I had a really awesome Sunday in Tokyo today. I ventured out to to my first proper art gallery experience in a really long time and have discovered my new favourite place in Tokyo. And that would be the National Art Centre, Tokyo (NACT) in Midtown (Roppongi). My manager at work had told me about it as a really good place to go to eat (he is also a huge foodie. We often exchange dining recommendations). In addition to there being a huge art gallery space, there is also a nice French restaurant. I went there with a friend today who is a huge fan of the place and goes there every year. The building itself was impressive. I loved the architecture and building design. I took my SLR camera and took a ridiculous number of photographs. Here are lots of photos that I took from the outside of the building. It’s made all of glass and is curved and wavy.
Super cool, right. So in love with this building. And I hadn’t even walked in yet. Right in the entrance, I looked up and took this shot.
So the whole point of my trip to the National Art Centre was to check out an exhibition that was on: The Washington National Gallery (Impressionist and Post-Impressionist Masterpieces from the National Gallery of Art in Washington, DC). Exhibition Entry: 1500yen.
There were A LOT of people inside the gallery. I walked through the four exhibition areas and checked out the art…just looking. I don’t know
much anything about art. Just that I know what I like when I see it. I’m more a modern contemporary art fan (my favourite art museum would be the Pompidou in Paris). It was an impressive collection of works from the likes of Manet, Monet, Cezanne, Renoir, Van Gogh and a handful of other artists. I was really taken with the two pieces by Georges Seurat, in particular “Seascape at Port-en-Bessin, Normandy”. His brush technique is super cool. His brushstrokes are super fine, almost like a dot mosaic. It was pretty mesmerizing. Once I had seen the exhibition, I then just walked around the gallery and took photos of the building interior. It was so fascinating. I probably spent more time taking photos than time actually spent looking at the exhibition. The building is just so darn cool and modern. It’s glass and open spaces, and there is a huge inverted cone, atop of which is the third floor restaurant. I highly recommend visiting the National Art Centre, even if you’re not going to see an exhibition. All the open spaces, the gift shops, and eateries are free. Only an entry fee is required to see an actual running exhibition. Here are a score or two of photos I took just wandering around inside the Centre experimenting with light and angles on my camera. As you can see, lots of people were also spending their Sunday here.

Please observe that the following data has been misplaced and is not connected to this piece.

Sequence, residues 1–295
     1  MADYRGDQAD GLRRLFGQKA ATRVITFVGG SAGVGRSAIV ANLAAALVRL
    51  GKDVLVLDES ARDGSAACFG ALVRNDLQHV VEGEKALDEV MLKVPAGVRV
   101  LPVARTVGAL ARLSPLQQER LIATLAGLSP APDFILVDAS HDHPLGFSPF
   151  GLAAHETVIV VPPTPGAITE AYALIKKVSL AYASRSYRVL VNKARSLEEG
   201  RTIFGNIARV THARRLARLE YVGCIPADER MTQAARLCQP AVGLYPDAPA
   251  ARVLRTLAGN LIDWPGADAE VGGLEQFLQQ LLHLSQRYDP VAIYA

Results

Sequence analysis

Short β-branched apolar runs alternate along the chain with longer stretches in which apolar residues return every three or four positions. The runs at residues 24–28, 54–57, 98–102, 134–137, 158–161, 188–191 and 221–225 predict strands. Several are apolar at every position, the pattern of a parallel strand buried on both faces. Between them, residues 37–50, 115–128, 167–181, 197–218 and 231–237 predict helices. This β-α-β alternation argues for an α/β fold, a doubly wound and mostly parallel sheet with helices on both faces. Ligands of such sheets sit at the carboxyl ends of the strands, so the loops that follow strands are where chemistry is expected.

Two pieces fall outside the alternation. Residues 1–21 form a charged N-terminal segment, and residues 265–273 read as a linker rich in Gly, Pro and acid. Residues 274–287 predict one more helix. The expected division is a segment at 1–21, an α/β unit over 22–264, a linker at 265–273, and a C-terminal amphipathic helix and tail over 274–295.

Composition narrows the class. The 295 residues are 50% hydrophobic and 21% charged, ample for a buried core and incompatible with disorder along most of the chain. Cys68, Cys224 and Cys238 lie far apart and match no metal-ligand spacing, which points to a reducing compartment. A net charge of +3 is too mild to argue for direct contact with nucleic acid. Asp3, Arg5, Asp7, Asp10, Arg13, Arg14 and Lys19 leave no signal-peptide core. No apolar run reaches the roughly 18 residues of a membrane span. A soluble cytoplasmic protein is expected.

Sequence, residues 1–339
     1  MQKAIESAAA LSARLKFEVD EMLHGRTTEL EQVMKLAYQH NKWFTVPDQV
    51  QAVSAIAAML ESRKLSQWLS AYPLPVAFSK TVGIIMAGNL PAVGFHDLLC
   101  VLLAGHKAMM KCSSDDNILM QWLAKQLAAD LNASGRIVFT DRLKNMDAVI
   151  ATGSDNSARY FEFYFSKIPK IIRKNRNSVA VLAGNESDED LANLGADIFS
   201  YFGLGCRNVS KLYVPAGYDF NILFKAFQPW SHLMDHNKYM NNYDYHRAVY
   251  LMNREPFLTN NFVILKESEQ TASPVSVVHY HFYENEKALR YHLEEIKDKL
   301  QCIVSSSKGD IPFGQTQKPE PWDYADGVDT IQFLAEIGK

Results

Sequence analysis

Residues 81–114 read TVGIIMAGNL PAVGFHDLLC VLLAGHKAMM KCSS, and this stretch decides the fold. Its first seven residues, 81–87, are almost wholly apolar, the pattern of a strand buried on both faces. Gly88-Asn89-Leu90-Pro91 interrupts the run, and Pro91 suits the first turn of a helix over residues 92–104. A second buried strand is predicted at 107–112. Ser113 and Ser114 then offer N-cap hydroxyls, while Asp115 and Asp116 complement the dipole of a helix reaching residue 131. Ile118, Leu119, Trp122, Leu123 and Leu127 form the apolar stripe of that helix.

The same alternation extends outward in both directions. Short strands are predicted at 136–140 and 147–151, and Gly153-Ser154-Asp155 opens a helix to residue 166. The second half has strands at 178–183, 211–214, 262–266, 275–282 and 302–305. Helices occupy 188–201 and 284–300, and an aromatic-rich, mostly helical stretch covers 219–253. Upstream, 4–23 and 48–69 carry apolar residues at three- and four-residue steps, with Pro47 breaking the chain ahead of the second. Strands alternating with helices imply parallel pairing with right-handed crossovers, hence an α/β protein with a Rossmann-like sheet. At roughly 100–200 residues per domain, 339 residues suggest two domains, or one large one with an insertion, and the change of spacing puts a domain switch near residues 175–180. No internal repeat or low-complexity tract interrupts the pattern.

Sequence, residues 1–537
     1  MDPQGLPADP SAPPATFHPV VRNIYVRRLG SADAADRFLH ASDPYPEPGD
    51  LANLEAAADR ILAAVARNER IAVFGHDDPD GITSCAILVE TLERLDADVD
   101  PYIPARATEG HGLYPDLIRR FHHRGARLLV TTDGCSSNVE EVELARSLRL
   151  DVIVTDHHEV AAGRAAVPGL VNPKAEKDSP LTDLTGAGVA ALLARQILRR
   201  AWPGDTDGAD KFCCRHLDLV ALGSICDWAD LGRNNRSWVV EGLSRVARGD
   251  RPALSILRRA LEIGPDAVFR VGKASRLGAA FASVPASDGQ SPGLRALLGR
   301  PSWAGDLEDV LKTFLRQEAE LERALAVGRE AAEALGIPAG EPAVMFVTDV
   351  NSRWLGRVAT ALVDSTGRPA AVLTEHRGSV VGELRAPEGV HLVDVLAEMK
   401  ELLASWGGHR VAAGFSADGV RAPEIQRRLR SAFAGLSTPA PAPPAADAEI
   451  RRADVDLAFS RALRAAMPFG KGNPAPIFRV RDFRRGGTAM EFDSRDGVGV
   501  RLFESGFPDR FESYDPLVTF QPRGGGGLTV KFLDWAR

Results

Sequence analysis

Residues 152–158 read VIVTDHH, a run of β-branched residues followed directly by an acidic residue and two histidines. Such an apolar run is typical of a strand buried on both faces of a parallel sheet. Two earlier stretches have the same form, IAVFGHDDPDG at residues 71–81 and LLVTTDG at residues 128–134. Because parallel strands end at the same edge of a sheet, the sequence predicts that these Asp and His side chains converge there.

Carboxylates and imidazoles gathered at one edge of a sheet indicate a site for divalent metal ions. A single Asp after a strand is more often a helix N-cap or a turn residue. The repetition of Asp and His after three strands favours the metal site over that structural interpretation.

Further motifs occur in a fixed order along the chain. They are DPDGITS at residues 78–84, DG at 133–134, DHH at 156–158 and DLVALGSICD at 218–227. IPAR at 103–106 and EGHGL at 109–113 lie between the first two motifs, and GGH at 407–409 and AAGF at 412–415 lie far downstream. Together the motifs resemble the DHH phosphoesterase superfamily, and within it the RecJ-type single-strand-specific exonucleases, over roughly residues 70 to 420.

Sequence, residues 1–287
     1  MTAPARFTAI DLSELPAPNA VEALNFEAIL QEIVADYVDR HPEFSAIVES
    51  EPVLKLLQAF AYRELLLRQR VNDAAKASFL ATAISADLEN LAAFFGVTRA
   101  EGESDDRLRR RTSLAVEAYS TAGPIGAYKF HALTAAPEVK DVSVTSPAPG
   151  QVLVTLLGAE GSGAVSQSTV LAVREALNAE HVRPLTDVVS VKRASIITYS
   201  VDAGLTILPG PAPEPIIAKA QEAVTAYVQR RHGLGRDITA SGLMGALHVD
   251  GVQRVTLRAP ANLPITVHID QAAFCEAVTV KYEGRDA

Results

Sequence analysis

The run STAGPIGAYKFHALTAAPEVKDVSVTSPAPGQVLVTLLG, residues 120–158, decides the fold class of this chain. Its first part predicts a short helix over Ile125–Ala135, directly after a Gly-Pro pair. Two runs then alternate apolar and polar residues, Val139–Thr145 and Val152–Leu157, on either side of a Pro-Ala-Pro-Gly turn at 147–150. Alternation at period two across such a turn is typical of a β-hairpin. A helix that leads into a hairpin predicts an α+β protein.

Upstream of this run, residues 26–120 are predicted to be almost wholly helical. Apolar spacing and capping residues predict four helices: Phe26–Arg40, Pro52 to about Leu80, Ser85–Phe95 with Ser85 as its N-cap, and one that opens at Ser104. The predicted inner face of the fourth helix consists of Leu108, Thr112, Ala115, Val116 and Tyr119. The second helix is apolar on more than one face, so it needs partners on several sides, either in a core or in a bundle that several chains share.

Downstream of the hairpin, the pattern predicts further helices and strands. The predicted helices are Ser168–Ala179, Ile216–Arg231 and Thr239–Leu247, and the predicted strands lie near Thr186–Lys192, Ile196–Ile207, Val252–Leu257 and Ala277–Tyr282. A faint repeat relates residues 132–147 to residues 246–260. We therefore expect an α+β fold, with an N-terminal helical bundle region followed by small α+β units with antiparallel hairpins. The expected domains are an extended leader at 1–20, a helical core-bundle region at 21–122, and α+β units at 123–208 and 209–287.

Up on the higher levels, I got some more cool photos.
The restaurants here are also super cool, atop of the two inverted cones. There’s a tea cafe on the second floor. I love how they are built up high in a round shape.
How cool is this:
We had lunch on the third floor French Brasserie: Paul Bocuse le musee. Paul Bocuse is a famous chef considered the Godfather of french cuisine. He has a bunch of restaurants around Japan. The one at the NACT is pretty cool and I was so excited to eat there. The restaurant is atop of the main inverted cone, and again, is built in a round shape.
Clearly, I couldn’t get enough photos of this place! Truly fascinating.
I’ll have more photos (including the food ones in a separate forthcoming blog entry). After a long leisurely late lunch, we ventured down onto the basement level where there is the really cool souvenir gift store which sells all things arty, creative and cool. Great spot for interesting, unique gifts. It was almost a museum in itself. So many creative and funny products and a great variety of stuff. The store was a lot of fun. In addition to the tea salon cafe, and the french brasserie, there’s a cafeteria on the basement level, and a casual refreshments cafe on the ground floor. There’s also an art library as well. We also got a bit of peak into the calligraphy exhibition as well. There are three gallery levels with changing exhibits. The National Art Centre is also one of the trio of museums in the Roppongi Art Triangle – the Mori Art musuem, the Suntory Art Musuem and the NACT. Ticket stubs to one will also get you a small discount into the others. By the time I left the Art Centre after having spent about 6 hours there (looking, dining, browsing, taking photos) which was about 6pm, it was dusk and I took some more final photos of the building exterior. Too cool for words.
NACT website. Public spaces are free. Ticket prices will vary depending on exhibition.